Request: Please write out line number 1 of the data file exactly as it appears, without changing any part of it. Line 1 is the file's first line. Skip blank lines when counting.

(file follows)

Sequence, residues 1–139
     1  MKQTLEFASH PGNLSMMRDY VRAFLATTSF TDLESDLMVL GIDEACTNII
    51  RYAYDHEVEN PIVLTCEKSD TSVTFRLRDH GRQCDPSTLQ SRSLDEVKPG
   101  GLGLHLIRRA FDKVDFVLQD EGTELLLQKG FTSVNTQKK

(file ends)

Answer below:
Sequence, residues 1–139